This exhibit of Newell works features more than 200 pieces, ranging from tiny silverware to large animal carvings, and they’re all at about child-level height, which Langfald hopes keeps young visitors interested.

“They can expect to be shocked at the level of detail and love that went into this collection,” she said of the visitor experience. “It’s so cool to see, so they should take time to look at every case. I’ve been looking at it for two years and still haven’t seen every detail.”

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Wyoming State Museum Curator of Collections Mandy Langfald points to a detail in a miniature steer Thursday, Feb. 17, 2021 in downtown Cheyenne. “The Newell Collection” features more than 200 pieces created in the 1930s and range from tiny silverware on the back of a chuckwagon to large animal carvings. Michael Cummo/Wyoming Tribune Eagle

To counteract the intricacy of the objects, the exhibit is designed in a minimalistic style. Langfald said she and her colleagues felt the pieces could really stand on their own, but there is still some text explaining the craftsmanship of the artwork and Newell’s personal history.

To Langfald, the collection represents one man’s life in early 1900s Wyoming. And in a broader sense, it gives viewers a more intimate perspective on Western history.

And that deep dive into Western history was no simple feat.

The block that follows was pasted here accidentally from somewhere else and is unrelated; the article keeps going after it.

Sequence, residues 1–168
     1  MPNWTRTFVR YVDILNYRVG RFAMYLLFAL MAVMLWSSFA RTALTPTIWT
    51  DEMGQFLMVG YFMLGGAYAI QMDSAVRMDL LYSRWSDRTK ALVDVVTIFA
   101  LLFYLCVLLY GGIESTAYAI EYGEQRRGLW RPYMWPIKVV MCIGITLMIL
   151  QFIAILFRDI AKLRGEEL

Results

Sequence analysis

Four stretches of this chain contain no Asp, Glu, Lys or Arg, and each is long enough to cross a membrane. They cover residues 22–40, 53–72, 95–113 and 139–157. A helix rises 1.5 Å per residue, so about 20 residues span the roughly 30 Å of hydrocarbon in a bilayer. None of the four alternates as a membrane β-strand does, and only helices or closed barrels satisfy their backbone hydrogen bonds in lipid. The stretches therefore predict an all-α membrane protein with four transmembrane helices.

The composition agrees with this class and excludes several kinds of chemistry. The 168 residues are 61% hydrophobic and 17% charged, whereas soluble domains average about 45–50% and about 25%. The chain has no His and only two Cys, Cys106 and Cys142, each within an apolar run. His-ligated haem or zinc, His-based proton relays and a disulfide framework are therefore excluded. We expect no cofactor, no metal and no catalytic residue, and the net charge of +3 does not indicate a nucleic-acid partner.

“These were made in the 1930s, so you’re looking at 90-year-old items,” Langfald said, noting how dusty all the objects were when they arrived. “I had to clean every single thing and photograph and catalogue it, and that took eight months.”

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The Wyoming State Museum recently unveiled the new exhibit “The Newell Collection,” which features more than 200 miniatures including two horses pulling a rider, pictured. Museum Curator of Collections Mandy Langfald needed more than eight months to clean and photograph the pieces, which were created in the 1930s and now sit on display. Michael Cummo/Wyoming Tribune Eagle

The exhibit proper is what’s up now, but Langfald said as COVID-19 restrictions are lifted, more educational components will be added. These include an additional exhibit featuring life-size versions of many of the miniatures (such as an actual cowboy uniform), and the museum will host several family-friendly events to bridge the two exhibits such as scavenger hunts.

“It’s definitely an all-ages exhibit, from little girls who like to play with dolls to adults who like historic items to artists to general people,” she said. “We’ve had a lot of broad interest in it (so far).”

Niki Kottmann is the Wyoming Tribune Eagle’s features editor. She can be reached at nkottmann@wyomingnews.com or 307-633-3135. Follow her on Twitter at @niki_mariee.